Robin Hughes, a Director of colossal talent, provides both guidance and freedom for actors to finds these moments, to discover fresh forms of connections in the context of an established, venerable production. Excellent direction leads to an awakening of possibilities which the actors not only pursue but also thrive within. Theater continues to transform, to advance, to dazzle us with its immediacy.
It is my honor to be a part of this ongoing evolution.
Please contact me with your thoughts and ideas:
Artistic & Executive Director, Metropolis Performing Arts Centre
October 25, 2018 § Leave a comment
I’ve never really considered myself a “good” theatre person. I honestly don’t know many musicals or plays other than the ones I was in or had to read about in school. I knew bits and pieces of musicals here and there and was familiar with certain songs but overall I was pretty clueless.
When I heard about Metropolis doing A Chorus Line, I HAD to be in it because I love to dance. All I knew about A Chorus Line was that it was a dance show and the opening number song. I didn’t know that’s where “Dance Ten Looks Three” or “At The Ballet” or “What I Did For Love” were all in this show. I always feel so behind or out of the loop.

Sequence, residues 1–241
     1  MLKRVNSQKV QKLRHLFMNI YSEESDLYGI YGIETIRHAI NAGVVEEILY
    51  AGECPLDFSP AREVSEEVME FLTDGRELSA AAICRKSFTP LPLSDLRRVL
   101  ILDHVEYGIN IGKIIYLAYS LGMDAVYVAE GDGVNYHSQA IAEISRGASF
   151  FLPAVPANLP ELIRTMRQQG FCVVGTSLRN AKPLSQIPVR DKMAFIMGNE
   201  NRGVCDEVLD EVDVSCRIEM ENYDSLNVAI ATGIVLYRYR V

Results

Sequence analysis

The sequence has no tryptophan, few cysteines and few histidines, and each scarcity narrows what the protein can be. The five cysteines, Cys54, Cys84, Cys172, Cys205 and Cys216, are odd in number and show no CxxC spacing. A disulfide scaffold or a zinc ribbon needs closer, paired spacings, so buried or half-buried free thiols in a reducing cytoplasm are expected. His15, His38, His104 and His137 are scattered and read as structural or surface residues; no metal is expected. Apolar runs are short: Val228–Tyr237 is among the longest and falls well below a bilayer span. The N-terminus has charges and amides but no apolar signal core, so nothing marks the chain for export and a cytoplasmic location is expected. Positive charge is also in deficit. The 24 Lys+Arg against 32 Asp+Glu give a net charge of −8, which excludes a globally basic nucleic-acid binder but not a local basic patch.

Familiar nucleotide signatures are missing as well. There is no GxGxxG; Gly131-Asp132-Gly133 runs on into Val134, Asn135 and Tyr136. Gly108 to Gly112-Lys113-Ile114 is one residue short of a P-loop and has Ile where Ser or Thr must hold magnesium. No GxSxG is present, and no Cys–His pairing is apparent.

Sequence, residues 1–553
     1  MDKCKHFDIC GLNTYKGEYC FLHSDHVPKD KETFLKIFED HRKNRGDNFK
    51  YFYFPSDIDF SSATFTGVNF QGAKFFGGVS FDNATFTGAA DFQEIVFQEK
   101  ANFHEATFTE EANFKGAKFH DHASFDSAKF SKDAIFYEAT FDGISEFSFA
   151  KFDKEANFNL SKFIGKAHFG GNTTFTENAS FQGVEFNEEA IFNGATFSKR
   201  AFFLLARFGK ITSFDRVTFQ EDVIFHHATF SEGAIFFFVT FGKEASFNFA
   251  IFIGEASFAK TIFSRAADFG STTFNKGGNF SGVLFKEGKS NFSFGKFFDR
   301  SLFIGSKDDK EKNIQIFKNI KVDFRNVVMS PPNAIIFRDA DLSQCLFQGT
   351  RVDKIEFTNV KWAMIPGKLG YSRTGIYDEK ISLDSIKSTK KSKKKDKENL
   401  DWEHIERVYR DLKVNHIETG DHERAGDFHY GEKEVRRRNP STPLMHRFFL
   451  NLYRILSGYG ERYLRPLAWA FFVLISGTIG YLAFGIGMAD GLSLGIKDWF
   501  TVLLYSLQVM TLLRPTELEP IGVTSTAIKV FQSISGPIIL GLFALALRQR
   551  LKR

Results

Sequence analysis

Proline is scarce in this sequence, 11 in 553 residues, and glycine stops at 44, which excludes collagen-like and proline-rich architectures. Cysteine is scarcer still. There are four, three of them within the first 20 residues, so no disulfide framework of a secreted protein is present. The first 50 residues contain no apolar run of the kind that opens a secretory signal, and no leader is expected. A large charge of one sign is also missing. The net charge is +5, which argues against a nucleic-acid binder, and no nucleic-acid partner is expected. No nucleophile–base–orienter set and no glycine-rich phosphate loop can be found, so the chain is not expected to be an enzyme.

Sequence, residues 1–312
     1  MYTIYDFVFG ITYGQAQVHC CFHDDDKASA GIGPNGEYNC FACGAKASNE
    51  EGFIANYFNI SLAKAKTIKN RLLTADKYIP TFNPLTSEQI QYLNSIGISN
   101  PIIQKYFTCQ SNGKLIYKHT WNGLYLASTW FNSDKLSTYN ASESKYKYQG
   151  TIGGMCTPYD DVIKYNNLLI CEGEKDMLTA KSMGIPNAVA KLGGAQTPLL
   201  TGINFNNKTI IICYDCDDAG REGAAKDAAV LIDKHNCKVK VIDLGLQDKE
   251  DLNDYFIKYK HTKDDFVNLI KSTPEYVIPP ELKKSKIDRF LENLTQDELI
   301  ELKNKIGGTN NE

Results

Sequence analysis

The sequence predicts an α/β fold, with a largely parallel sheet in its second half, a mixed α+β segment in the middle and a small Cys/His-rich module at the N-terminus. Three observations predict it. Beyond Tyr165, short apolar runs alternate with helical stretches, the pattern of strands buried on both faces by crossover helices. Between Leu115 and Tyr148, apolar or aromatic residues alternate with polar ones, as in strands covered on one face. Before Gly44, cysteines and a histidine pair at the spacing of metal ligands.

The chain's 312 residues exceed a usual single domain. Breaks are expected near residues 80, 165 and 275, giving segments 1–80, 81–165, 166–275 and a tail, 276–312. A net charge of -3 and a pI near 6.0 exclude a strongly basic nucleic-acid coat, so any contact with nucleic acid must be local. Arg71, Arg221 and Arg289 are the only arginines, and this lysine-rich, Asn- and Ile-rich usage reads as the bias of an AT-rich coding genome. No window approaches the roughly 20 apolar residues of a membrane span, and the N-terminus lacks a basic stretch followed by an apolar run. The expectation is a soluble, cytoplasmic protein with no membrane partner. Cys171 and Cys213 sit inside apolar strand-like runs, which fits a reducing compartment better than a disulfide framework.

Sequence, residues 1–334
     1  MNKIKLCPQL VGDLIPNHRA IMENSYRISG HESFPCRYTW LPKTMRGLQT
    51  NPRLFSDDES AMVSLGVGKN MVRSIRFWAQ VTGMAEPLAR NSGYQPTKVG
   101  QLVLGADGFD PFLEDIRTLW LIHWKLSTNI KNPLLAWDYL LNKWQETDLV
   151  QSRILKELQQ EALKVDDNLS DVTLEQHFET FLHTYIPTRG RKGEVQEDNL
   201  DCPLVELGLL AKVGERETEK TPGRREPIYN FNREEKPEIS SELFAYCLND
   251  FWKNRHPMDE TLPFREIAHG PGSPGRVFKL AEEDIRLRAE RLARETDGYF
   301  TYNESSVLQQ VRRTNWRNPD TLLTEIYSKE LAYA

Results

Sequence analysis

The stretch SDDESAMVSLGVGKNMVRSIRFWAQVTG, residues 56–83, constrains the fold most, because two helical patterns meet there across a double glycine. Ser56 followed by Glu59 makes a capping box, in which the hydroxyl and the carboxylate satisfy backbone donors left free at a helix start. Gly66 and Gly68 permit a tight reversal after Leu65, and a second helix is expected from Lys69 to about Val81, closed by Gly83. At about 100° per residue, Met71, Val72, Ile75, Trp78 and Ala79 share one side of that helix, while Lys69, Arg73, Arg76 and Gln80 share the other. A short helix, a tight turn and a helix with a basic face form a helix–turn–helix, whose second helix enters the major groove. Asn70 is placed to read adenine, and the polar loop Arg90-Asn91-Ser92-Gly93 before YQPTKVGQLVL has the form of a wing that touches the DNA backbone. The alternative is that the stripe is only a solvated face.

However, one thing I always appreciate about not knowing, is that I get to experience shows for the first time. I didn’t come in knowing the jokes or knowing my character or feeling like I knew all about the show. So I did my research. I watched the documentary, I read the book and I watched the movie and watched whatever clips I could find on YouTube. With this show in particular, it really hit home.
Being an actor is not easy. I felt a lot of connections to Mark because like him, I too felt like I am just breaking into this business. I’m hopeful but still naive in so many ways. Even weeks into our run, I’m still discovering new things about my character and other people’s characters. When you’re on stage for basically the entire show, it’s hard to see the same show twice. Every time we get a chance to go backstage, we’ll always talk about some new thing we did, some funny thing we saw someone else do that we’ll later find out they’ve been doing for weeks or we’ll have a new moment where we just see someone new, connect with them in a different way or at a different time. I think you have to go into this show that way. You can’t go in knowing that you’re going to get cast or that you’re not going to get cast. You can’t go in knowing where the jokes are or exactly how you’re going to react. Every performance has to be fresh and vulnerable which is scary.